Tardivo radicchio has unique, long, slender, curling burgundy leaves (comparable to a set of fingers), with white ribs. Its unique shape and coloring are achieved through a forced growth technique which takes place post-harvest. The leaves are crisp and have a bold, bitter flavor.

Variety Tips & Tricks

Tardivo radicchio is often served roasted or grilled and drizzled with olive oil as a side dish. It can be incorporated into a vast array of applications including red sauces, stews, risottos, or baked into strudels.

Commercial Availability (Grown for the US Market)

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Italy
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Treviso Radicchio

AKA: Radicchio di Treviso, Radicchio Precoce, Treviso, Treviso Precoce, Radicchio Rosso di Treviso Early (Precoce) IGP

Description

Treviso Precoce can vary in size, with the head sometimes resembling Belgian endive, other times romaine lettuces. Treviso Precoce has a wide white rib and dark crimson, elongated ruffled leaves that overlap one another tightly to from a compact bunch. The crisp, sturdy leaves are earthy and mildly bitter in taste with sweet undertones.

Variety Tips & Tricks

Treviso Precoce is best suited to pasta fillings, in salads, or grilled.

Commercial Availability (Grown for the US Market)

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Italy
Fair
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USA (CA)
Good
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Good

Foodservice Tips

Traditional Culinary Uses

Radicchio is a staple in most Mediterranean diets. It frequently appears in recipes for salads, soups, risottos, pastas, and pizzas. Radicchio is commonly enjoyed raw in America, but in Europe it is most often served warm. Radicchio does indeed make a fine salad green with its bracing bitterness that can stand up to bold vinaigrettes. Radicchio is well suited to grilling, braising, roasting, and sautéing.

Flavor Pairings

Balsamic Vinegar, Olive Oil, Black Pepper, Beef, Pork, Lamb, Prosciutto, Pancetta, Duck Fat, Anchovies, Caviar, Egg Yolk, Lemon, Grapefruit, Fennel, Shallot, Arugula, Parsley, Marjoram, Olives, Cognac, Blue Cheese, Hard Cheese, Parmesan Cheese, Cream-based Sauces, Walnuts, Pecans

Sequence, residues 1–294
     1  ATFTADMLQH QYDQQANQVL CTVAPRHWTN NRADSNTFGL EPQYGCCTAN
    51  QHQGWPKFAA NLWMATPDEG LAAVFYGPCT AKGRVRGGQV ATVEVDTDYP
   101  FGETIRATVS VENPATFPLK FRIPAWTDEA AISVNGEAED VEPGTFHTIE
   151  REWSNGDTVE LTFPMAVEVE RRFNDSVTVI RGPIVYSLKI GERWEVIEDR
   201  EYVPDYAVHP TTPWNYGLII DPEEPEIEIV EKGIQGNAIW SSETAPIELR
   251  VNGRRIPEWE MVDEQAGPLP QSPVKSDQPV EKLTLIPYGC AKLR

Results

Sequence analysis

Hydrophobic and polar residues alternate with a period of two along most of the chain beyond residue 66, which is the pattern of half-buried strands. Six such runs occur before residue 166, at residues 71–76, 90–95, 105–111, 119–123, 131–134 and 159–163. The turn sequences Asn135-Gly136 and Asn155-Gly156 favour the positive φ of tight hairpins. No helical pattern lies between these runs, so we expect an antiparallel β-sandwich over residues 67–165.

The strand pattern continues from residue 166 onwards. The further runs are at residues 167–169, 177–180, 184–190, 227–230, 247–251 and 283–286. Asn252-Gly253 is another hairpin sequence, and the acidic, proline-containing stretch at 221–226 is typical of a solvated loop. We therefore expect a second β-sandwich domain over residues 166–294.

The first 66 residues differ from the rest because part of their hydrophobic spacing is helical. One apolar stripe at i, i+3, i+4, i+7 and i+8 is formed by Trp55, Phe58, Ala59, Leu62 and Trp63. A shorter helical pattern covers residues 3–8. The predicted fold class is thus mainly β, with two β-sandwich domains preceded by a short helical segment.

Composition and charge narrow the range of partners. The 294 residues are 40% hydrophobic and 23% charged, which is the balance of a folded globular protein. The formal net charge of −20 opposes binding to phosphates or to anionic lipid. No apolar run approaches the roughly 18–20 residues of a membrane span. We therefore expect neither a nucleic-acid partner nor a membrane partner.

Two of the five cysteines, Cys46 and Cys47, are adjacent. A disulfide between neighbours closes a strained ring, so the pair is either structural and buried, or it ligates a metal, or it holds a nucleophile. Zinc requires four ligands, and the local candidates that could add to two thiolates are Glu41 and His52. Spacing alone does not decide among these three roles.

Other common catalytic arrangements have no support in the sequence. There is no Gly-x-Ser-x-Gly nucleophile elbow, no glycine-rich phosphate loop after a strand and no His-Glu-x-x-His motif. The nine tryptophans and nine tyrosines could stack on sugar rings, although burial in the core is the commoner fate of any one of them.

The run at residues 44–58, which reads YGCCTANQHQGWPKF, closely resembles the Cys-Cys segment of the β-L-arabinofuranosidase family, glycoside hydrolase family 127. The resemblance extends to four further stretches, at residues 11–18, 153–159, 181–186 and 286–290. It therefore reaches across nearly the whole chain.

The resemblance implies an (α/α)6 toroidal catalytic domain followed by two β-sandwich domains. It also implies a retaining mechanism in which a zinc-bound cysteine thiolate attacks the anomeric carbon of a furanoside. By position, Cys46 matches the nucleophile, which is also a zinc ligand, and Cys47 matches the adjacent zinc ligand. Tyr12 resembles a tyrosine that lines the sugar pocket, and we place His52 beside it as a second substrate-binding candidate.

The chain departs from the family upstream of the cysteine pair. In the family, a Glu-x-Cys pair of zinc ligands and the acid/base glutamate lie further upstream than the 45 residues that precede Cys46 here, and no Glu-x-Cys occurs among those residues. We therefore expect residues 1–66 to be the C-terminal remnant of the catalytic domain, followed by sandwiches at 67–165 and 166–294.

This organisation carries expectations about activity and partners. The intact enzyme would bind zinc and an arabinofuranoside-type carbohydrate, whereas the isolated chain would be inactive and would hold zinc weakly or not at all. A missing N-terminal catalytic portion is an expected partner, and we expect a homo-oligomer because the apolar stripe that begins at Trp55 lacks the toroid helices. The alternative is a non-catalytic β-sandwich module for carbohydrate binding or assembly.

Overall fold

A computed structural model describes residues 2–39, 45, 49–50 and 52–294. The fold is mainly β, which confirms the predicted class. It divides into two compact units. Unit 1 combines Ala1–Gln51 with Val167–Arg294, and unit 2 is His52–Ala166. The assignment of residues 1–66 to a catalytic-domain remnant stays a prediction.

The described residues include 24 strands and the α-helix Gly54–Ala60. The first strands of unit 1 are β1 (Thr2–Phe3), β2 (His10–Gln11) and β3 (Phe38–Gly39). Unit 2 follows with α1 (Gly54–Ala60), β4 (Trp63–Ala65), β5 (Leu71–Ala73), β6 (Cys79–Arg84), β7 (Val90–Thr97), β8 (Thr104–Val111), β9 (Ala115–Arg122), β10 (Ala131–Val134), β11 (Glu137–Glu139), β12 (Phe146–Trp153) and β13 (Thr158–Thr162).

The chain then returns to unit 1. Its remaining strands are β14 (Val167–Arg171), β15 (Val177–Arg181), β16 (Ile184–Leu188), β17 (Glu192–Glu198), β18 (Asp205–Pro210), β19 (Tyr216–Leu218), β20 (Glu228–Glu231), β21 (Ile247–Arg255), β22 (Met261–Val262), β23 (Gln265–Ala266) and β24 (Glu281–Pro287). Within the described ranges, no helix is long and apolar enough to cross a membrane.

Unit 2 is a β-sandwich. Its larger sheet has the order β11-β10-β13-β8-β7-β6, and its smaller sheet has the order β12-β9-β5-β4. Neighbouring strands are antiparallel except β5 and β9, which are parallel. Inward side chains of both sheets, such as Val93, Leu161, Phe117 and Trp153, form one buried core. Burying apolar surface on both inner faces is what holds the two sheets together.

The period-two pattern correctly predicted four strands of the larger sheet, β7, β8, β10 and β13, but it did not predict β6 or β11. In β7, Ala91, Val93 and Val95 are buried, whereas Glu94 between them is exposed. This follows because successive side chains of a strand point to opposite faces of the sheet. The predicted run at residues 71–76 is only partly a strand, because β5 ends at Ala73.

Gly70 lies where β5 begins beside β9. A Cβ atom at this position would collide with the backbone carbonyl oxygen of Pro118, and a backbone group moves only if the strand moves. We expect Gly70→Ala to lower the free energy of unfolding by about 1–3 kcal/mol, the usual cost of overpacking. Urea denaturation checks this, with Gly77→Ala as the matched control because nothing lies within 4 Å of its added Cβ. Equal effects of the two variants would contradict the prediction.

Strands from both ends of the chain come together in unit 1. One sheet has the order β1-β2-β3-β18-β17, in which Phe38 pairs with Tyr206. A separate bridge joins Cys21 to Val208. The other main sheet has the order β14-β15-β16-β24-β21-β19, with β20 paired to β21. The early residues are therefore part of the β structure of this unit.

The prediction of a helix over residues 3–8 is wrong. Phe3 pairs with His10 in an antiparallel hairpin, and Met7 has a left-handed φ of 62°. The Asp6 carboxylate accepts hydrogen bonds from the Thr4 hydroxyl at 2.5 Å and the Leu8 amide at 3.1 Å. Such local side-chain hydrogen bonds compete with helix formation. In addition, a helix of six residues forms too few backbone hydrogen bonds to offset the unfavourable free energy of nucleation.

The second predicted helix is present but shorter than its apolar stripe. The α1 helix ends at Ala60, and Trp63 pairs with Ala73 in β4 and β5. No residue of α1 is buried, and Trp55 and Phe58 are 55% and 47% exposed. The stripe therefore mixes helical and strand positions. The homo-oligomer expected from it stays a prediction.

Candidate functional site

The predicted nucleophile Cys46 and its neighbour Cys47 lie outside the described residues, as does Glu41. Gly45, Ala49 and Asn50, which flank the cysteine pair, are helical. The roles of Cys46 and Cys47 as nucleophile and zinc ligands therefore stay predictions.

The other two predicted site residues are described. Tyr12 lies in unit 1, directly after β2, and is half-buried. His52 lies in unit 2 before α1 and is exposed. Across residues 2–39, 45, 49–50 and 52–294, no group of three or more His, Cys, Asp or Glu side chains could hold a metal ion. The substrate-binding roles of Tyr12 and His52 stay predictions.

How to Store & Use in the Kitchen

Store radicchio wrapped in a damp paper towel in a clean bag or container in the crisper or isolated part of the walk-in away from light and ethylene-producing items like apples or pears. Tightly packed head radicchio varieties may keep for up to two weeks, but loose varieties should be used within a few days to avoid browning. If the outer leaves look wilted or limp, simply tear them away before preparing the rest of the head. Radicchio can be used like lettuces or cooked like escarole.

Fight Food Waste Tips for root to stem cooking

Even the center core of radicchio is edible. Try grilling or braising quartered heads and the stem will become tender and delicious!

Warehouse Storage & Handling

Maintain these conditions for optimal short-term storage shelf life.*

IDEAL STORAGE TEMP:

32-34°F

RECOMMENDED TEMP STORAGE ZONE:

32-39°F (Cold Storage)

SUBJECT TO CHILLING INJURY:

Yes, radicchio stored below 31°F will experience freezing injury, which includes translucent spots on leaves that decay quickly.

IDEAL RELATIVE HUMIDITY:

95-100%

PRODUCES ETHYLENE:

No

SENSITIVE TO ETHYLENE:

Yes

Important Handling Notes

Radicchio is sensitive to temperature fluctuations and light. Maintain the cold chain at all times and avoid storing near windows or other sources of natural light.

Optimum Shelf Life

Depending on variety, conditions at harvest, and handling, tightly packed radicchio varieties may last up to 2-3 weeks, while loose leaf varieties may only last 1-2 weeks.